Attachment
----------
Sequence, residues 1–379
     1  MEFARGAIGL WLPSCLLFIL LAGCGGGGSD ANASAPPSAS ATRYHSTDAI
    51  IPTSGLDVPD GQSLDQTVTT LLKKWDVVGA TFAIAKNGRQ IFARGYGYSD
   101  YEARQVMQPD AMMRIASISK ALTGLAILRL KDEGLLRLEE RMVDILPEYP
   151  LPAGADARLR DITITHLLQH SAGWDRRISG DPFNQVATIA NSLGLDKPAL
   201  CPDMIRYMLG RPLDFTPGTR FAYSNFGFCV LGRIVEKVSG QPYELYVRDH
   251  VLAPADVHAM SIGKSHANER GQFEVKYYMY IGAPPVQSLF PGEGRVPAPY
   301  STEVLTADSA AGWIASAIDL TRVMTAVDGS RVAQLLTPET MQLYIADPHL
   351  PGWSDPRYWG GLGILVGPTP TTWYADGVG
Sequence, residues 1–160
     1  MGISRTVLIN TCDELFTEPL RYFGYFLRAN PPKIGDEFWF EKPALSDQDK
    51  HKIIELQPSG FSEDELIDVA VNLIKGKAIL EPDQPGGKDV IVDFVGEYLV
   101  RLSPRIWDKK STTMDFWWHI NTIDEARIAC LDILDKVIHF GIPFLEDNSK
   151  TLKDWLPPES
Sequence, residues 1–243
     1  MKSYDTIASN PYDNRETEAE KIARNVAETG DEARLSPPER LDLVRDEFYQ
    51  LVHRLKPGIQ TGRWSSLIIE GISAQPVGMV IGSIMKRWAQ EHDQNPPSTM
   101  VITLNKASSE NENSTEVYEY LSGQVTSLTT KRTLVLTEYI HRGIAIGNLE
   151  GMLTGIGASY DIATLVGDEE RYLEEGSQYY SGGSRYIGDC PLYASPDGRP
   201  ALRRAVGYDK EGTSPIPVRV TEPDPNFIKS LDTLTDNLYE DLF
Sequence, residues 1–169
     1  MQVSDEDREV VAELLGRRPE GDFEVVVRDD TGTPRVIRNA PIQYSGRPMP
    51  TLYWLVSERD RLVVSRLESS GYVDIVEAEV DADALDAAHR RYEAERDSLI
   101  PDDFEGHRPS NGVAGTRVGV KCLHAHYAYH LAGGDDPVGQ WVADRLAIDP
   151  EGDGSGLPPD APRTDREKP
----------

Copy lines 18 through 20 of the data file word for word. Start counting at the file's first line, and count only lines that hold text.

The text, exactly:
   101  VITLNKASSE NENSTEVYEY LSGQVTSLTT KRTLVLTEYI HRGIAIGNLE
   151  GMLTGIGASY DIATLVGDEE RYLEEGSQYY SGGSRYIGDC PLYASPDGRP
   201  ALRRAVGYDK EGTSPIPVRV TEPDPNFIKS LDTLTDNLYE DLF